This was a magical night indeed. And a rare one this spring with clouds more often the norm at night.

The next dark of the Moon coincides with summer solstice. So while the moonlight won’t interfere, critical for shooting the Milky Way, the glow of perpetual twilight at my latitude will. The Milky Way will be set in a deep blue sky.

By July’s dark of the Moon the Milky Way will be high overhead, making panorama arches tough to assemble. It looks like this might have been my one best night to capture such a scene this year. But it was a good one.

— Alan, May 24, 2017 / © 2017 Alan Dyer / amazingsky.com 

Meet Steve, the Odd Auroral Arc


Red Auroral Arc #1 (May 10, 2015)

Stargazers in western Canada will have seen him – Steve, the odd auroral arc. 

There’s been a lot of publicity lately about an unusual form of aurora that appears as a stationary arc across the sky, isolated from the main aurora to the north. It usually just sits there – motionless, featureless, and colourless to the eye, though the camera can pick up magenta and green tints.

We often see these strange auroral arcs from western Canada.

Red Auroral Arc #3 (May 10, 2015)

In lieu of a better name, and lacking a good explanation as to their cause, these isolated arcs have become labelled simply as “Steve” by the aurora chasing community (the Alberta Aurora Chasers Facebook group) here in Alberta.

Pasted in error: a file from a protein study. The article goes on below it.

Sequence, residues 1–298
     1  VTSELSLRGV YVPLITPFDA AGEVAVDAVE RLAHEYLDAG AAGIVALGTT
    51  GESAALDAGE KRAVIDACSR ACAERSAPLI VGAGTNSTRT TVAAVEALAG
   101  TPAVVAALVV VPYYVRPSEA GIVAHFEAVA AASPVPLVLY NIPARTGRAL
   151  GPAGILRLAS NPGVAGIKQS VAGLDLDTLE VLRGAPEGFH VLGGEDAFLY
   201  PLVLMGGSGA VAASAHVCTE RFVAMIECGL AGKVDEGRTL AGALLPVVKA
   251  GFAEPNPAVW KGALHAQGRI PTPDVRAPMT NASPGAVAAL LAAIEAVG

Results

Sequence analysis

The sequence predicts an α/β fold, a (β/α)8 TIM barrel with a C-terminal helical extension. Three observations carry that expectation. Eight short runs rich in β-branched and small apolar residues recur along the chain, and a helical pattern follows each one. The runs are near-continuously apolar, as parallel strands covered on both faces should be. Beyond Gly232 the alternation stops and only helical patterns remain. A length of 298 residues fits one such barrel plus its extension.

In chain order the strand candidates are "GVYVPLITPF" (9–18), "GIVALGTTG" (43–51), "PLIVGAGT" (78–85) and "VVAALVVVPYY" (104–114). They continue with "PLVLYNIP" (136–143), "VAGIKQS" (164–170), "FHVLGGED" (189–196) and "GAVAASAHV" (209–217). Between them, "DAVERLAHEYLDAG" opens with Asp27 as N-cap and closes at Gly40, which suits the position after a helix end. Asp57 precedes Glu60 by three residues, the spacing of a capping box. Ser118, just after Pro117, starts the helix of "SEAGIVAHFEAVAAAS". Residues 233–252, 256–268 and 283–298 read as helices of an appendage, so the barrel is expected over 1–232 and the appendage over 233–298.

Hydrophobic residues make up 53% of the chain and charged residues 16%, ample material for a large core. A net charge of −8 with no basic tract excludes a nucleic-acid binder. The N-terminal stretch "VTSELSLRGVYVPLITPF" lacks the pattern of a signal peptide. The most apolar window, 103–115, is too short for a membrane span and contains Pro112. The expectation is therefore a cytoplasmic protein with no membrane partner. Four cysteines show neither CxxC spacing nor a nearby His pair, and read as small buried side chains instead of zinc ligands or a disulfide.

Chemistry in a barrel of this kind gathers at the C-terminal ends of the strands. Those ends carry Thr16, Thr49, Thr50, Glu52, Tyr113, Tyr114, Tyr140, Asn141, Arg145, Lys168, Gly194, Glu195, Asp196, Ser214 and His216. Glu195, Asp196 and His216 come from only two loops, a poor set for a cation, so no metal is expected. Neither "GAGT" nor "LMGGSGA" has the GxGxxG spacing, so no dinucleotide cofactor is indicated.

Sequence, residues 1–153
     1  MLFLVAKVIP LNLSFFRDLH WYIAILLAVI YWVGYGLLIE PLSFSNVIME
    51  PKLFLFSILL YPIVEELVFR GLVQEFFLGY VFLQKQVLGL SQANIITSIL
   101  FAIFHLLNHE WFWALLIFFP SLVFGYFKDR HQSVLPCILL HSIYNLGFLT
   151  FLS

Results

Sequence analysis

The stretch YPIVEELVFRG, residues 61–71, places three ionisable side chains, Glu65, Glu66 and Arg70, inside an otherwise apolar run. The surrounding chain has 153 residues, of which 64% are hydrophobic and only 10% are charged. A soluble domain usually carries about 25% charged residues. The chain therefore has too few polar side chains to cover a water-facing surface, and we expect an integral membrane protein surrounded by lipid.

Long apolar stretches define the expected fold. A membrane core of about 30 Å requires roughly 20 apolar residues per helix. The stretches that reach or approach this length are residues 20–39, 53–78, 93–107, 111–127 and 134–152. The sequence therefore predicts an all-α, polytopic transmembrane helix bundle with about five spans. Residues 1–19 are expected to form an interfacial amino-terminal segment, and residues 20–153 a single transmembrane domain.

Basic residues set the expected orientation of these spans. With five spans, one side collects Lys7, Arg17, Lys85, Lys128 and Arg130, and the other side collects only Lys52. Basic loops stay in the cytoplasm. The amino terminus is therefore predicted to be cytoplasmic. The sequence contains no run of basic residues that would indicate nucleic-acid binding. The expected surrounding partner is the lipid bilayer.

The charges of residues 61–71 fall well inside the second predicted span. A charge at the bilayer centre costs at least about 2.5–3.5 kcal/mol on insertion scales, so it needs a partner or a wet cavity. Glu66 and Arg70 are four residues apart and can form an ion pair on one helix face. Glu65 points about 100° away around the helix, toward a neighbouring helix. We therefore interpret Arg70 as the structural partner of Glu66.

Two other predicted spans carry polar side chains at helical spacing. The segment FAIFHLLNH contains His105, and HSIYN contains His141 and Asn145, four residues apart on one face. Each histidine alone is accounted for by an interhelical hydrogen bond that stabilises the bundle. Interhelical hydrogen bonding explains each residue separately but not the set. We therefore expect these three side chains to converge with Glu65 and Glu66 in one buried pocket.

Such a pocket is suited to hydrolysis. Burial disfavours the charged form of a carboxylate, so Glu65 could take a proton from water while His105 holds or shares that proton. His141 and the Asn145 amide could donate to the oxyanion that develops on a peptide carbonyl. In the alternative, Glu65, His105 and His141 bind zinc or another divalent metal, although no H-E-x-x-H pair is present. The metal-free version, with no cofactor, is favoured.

In a gathering of aurora chasers at Calgary’s Kilkenny Pub, aurora photographer extraordinaire and AAC Facebook group administrator Chris Ratzlaff suggested the name. It comes from the children’s movie Over the Hedge, where a character calls anything he doesn’t understand “Steve.” The name has stuck!

Aurora Panorama with Isolated Arc

The 270° panorama from March 2, 2017 shows Steve to the west (right) and east (left) here, and well isolated from the main aurora to the north.

Isolated Auroral Arc Overhead

This is the view of that same March 2, 2017 arc looking straight up, showing Steve’s characteristic gradient from pink at top though white, then to subtle “picket-fence” fingers of green that are usually very short-lived.

Isolated Auroral Arc #3 (Sept 2, 2016)

The view above is Steve from exactly 6 months earlier, on September 2, 2016. Same features. I get the impression we’re looking up along a very tall but thin curtain.

Isolated Auroral Arc #5 (Sept 2, 2016)

Another view of the September 2, 2016 Steve shows his classic thin curtain and gradation of colours, here looking southeast.

Isolated Auroral Arc #4 (Sept 2, 2016)